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Flu season mild so far
The Record-Eagle - 12/12/2018
Dec. 12--TRAVERSE CITY -- Influenza season is in progress in northwest Lower Michigan. Activity so far has been mild.
"There are some states that are showing some activity, but we did not reach the level of widespread influenza. Michigan is showing some activity," said Dr. Salah Qutaishat, system director of infection prevention for Munson Healthcare.
But the state's incidence of influenza is about on par with normal.
Influenza, or flu, is a contagious respiratory illness caused by influenza viruses, according to the Centers for Disease Control and Prevention. It can cause mild to severe illness. Serious outcomes of flu infection can result in hospitalization or death.
Influenza should not be confused with viral (usually norovirus) gastroenteritis, typically called stomach flu -- a different illness that causes abdominal troubles.
The CDC has been monitoring the spread of respiratory influenza throughout the 50 states for years. Munson has created its own monitoring system, which breaks down reported data by ZIP code, for northern Michigan -- and it is operational this season for the first time.
"We actually developed a surveillance system for northern Michigan," said Qutaishat.
Munson's monitoring system shows that there are relatively few influenza cases in the region, he said.
Last winter's flu season was relatively mild. That's partly because the vaccination formula the medical community developed was effective. Qutaishat and doctors throughout the nation hope this year's formulation is equally effective.
Matching the mutation of the influenza virus is an annual puzzle. Sometimes researchers cannot accurately predict what mutation path the virus will take. When they miss the mark, as they apparently did in 2009, more people who were vaccinated still get sick.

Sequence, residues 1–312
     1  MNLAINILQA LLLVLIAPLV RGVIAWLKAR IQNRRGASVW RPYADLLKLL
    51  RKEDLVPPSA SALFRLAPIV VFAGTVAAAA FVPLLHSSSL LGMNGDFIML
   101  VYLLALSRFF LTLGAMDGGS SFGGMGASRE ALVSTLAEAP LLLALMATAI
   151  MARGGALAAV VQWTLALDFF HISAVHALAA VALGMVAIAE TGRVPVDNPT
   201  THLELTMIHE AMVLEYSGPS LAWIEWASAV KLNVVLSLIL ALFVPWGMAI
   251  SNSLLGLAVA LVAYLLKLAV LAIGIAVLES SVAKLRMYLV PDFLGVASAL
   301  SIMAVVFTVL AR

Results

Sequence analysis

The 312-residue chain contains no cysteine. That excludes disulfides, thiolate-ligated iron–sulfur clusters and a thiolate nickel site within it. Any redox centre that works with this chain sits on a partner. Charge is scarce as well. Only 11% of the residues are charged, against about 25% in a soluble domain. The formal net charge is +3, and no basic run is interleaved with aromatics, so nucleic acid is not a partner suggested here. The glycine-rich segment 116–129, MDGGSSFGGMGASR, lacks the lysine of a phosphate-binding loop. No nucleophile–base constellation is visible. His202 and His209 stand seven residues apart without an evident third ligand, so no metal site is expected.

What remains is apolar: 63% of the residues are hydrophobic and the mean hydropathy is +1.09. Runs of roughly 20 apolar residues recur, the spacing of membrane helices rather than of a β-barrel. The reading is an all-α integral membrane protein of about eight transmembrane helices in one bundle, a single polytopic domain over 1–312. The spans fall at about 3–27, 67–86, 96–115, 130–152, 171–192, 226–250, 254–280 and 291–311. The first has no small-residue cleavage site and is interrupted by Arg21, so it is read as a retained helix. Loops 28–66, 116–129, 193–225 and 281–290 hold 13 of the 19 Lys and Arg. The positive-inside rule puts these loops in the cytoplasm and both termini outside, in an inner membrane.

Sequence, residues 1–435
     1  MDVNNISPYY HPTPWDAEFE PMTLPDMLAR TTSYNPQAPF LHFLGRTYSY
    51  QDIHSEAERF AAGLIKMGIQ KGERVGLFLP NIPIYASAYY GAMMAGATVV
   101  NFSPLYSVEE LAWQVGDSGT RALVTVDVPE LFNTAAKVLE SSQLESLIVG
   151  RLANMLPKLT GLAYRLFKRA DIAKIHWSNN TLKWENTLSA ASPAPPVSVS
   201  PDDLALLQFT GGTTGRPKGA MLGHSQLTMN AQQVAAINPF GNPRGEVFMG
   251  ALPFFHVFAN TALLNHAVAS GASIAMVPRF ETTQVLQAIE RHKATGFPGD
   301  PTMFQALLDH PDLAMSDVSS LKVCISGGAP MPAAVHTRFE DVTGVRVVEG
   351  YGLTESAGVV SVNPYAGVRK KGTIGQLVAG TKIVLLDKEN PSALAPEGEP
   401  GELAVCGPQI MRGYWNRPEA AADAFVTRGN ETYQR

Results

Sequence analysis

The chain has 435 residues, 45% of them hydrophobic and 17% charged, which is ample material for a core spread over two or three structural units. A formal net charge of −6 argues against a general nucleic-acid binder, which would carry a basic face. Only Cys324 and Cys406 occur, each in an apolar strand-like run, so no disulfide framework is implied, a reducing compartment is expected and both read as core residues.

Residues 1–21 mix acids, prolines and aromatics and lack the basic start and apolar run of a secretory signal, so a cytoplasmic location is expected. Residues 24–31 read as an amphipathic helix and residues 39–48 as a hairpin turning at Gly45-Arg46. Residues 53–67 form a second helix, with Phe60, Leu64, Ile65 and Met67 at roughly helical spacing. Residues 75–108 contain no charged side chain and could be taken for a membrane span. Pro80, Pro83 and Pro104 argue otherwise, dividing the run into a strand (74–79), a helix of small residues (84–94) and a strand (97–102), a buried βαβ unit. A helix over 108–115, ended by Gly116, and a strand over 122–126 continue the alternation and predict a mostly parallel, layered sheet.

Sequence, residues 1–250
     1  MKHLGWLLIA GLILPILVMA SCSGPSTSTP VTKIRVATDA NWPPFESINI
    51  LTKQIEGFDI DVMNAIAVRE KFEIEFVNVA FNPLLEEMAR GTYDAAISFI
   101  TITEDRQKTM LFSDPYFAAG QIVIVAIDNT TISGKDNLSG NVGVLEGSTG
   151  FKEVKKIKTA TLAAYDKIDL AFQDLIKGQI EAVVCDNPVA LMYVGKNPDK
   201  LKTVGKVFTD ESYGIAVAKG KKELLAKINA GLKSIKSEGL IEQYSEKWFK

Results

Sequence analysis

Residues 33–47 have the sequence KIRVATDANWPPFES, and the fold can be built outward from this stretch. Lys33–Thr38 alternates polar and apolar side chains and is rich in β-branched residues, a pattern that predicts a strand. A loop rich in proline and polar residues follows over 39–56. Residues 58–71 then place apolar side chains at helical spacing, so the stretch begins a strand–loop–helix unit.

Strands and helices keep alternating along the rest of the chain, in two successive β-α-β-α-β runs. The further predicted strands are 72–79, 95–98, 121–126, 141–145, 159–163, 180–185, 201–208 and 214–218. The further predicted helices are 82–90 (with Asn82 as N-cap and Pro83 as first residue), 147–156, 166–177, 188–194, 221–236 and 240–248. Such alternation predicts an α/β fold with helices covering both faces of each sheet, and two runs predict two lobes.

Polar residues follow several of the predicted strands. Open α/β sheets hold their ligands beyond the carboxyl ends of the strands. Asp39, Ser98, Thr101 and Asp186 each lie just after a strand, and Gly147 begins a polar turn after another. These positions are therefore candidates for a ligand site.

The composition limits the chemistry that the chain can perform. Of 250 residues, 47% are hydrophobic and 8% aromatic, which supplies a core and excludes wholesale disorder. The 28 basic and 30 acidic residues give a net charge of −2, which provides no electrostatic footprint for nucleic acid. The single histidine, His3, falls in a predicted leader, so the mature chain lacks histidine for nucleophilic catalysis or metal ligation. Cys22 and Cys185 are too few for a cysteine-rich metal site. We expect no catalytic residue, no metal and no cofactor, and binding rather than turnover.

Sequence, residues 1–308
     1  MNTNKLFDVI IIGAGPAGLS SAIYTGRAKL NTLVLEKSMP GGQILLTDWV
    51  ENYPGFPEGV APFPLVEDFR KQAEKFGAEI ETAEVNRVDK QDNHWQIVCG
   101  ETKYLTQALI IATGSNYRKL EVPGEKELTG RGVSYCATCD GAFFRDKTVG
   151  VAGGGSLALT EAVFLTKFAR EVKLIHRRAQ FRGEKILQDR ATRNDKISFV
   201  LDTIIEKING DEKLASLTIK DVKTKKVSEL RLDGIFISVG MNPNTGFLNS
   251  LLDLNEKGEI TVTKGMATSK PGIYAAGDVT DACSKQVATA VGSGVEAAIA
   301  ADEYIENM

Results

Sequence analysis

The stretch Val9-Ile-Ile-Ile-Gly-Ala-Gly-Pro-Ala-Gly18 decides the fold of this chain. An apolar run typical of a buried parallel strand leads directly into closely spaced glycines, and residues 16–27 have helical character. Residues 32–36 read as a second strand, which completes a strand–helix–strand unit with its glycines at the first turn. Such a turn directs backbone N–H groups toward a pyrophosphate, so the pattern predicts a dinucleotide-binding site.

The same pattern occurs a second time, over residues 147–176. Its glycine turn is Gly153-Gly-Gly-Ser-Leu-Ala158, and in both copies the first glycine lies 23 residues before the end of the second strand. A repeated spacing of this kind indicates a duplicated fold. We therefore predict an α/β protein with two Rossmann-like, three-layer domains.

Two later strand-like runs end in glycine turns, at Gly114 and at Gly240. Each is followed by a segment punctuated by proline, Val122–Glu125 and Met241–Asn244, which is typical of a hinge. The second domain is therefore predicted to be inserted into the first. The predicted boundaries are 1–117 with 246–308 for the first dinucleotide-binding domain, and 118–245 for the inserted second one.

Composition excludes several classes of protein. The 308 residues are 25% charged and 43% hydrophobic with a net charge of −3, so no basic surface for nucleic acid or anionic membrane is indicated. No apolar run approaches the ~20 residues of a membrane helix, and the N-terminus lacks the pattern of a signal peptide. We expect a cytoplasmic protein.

The battle to predict the path of mutation is a struggle between the medical community's collective wisdom and the natural evolution of one of the planet's smallest forms of life -- the virus.
Qutaishat sometimes tries to explain the struggle between science and nature by noting that researchers get together each year to scientifically predict what influenza mutations are most likely to occur so they can create and distribute a vaccine -- but jokes that the viruses hold a meeting in Las Vegas at the same time and decide which strain to set loose on the world.
He uses the joke to illustrate that scientists get it right most of the time -- but that the simple microscopic virus sometimes mutates in unexpected directions.
"We humans assume that we're smarter than those tiny germs, but they seem to be ahead of us," Qutaishat said. "They continue to mutate to survive. We have the intellectual ability to defeat this tiny creature, but it continues to actually win that annual battle."
The Centers for Disease Control and Prevention regularly updates information on its website (www.cdc.gov/flu) as it tracks activity across the nation. The most recent data there, from late November, shows that all but one state, Virginia, is seeing at least sporadic reports of influenza cases. Five states -- Oregon, Utah, Kentucky, Connecticut and Massachusetts, reported regional activity, which indicates more widespread problems.
The public's best defense against influenza is to get the annual vaccine. Even if the formulation isn't spot on, it still can reduce symptoms. Nearly all Munson employees -- a few cannot because of medical reasons -- have been vaccinated for influenza, Qutaishat said.
Qutaishat said that because of the influenza virus' ability to mutate, researchers have not been able to create a long-lasting vaccine as they have for some other illnesses, so an annual inoculation is required.
"The other thing that we're struggling with is that the level of acceptance in the population is not high," he said, for flu vaccination.
Influenza can be transmitted via close human contact, coughs or contaminated surfaces. Large gatherings enable rapid transmission because one person can infect many, who then spread the virus far and wide.
People who have influenza symptoms like a cough, sneeze or fever should avoid contact with others. People who want to avoid getting influenza should avoid contact with people who show symptoms. Everyone should wash hands frequently and thoroughly.
The CDC recommends routine annual influenza vaccination for all persons 6 months of age and older. Flu season typically lasts from October through May. It's not too late to get a vaccination.
Flu shots are available locally at many pharmacies, physician's offices and the Grand Traverse County Health Department, 231-995-6131.
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